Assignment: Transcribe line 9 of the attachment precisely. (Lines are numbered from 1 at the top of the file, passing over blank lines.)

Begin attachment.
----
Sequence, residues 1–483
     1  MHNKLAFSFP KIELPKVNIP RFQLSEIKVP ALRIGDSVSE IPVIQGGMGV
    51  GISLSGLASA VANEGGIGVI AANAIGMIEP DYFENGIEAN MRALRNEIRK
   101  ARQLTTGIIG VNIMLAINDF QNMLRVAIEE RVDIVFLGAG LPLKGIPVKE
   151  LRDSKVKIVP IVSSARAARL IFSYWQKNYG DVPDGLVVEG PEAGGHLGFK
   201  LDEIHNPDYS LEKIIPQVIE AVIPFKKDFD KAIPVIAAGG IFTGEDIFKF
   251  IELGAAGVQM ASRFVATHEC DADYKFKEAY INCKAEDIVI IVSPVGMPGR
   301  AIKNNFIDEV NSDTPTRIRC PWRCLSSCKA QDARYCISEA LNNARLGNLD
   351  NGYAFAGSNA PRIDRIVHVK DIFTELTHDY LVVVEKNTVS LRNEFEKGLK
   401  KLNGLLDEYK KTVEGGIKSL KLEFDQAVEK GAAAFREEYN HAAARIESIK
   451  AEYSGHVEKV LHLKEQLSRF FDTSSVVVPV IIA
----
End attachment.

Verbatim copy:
   351  NGYAFAGSNA PRIDRIVHVK DIFTELTHDY LVVVEKNTVS LRNEFEKGLK